Dear John: A New Job With an Old Flame
Tuesday, January 31, 2012
Without really looking for a new job, I have received an offer that I’d be crazy to turn down. Better pay (which I could really use), better position, better company, etc. But there’s a major catch. A woman I had an affair with about ten years ago also works there. That was a long time ago, my marriage was strained, and I was just really confused. She was married, too (and still is as far as I know) and it started out as just a physical attraction for both of us, but I started thinking of it as (and wanting it to be) something more. When I shared that with her, she broke it off. I tried to contact her a couple of times, but that was basically that. Her being at this new place makes me very anxious, to be honest with you. My wife and I got past all this (my wife never found out) and we have a nice life now which includes a 7-year-old son. I really don’t want to screw all this up. Is it worth risking that just for a new job, or should I stay where I am and not take that chance?
Dear Reluctant Candidate,
You make it sound like this affair was something that just happened to you – something you had no role in. And now what if it happens again at this new job? Come on. It won’t happen if you don’t let it happen. Yes, it might not be the most comfortable situation, especially until you get the first contact with her out of the way. So don’t sit around and wait to run into her (which sounds like something you might do) – pay her a brief visit on your first day to say something like, “I really wanted to work here, and sure, it’s a little awkward, but I just wanted to stop by and say hi rather than see you for the first time in some meeting.” Then just concentrate on learning the ropes, like you’d do at any job. Other than that, stay away from alcohol at work functions. Drinking makes co-workers do stupid things.
A little while ago, I started my own company providing a particular service to the industry I’ve worked in for many years. All my friends were very supportive. I didn’t hear a single discouraging word. But all that encouragement has not translated into any business, or at least very little! Where are all the people who were so supportive now that I need them?? And believe me, they’ve been hiring people to provide the service I provide, so it’s not like they’ve got no work for me. They do – they’re just not giving it to me! And yet when I run into them, they’re as nice as ever! I’d like to say, yeah, that’s great, but how about a call with some work? Any advice?
Disappointed And Bored
Dear Disappointed And Bored,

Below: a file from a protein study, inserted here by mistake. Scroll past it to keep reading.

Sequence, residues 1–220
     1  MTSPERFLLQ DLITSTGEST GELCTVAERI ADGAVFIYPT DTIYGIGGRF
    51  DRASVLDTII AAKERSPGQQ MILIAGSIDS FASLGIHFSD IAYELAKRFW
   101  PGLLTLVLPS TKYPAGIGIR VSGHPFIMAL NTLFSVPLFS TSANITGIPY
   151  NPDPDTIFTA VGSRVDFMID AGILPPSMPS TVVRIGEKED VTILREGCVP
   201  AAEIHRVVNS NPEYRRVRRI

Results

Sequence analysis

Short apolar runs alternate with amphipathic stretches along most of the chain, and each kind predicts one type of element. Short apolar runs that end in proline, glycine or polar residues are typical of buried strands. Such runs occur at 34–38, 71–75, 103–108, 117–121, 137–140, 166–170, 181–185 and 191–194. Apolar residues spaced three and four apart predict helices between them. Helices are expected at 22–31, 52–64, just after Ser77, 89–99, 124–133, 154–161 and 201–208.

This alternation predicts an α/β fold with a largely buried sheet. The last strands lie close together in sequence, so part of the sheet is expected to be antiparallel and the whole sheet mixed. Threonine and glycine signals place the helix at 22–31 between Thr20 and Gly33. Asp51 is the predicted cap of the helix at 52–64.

Are you especially close to any of these prospective customers? If so, you should ask them if they have any insight into your particular situation – insist that they be blunt, and brace yourself for what you might hear. Are you as good at your job as you think you are? Are you charging too much? It’s hard for me to say without knowing more about what you do, but I kind of get the impression from your letter that you feel people owe you work based on your relationship with them rather than on the job you can do. I’m sure they meant it when they said, “Oh, that’s great!” after you told them you were striking out on your own. That doesn’t necessarily mean they’d be writing you a purchase order any time soon. Keep in touch with the prospects you already know and spend every day getting yourself in front of new people. Don’t wait for anything to come to you. Go get it.
It’s okay to ask my son’s teacher out, right? No unwritten rule against that, is there? I am a single dad, and I’ve had a couple of conferences with her (my son is in third grade), and I must admit to being quite smitten. I’ve dated enough and it’s rare that I meet someone who interests me, but she does. I don’t know anything about her personal life, but she doesn’t wear a wedding or engagement ring, so that’s enough for me! Am I right?
Teacher’s Pet, Maybe
Dear Teacher’s Pet, Maybe,
Yeah, sure, it’s fine, although your signature’s a bit creepy. And if this goes anywhere, please let us know your son’s reaction if he sees the two of you together. Now that’s traumatizing.
John is a middle-aged family man from Providence, Rhode Island. If you learn from your mistakes, he’s brilliant. Write to him at email@example.com.
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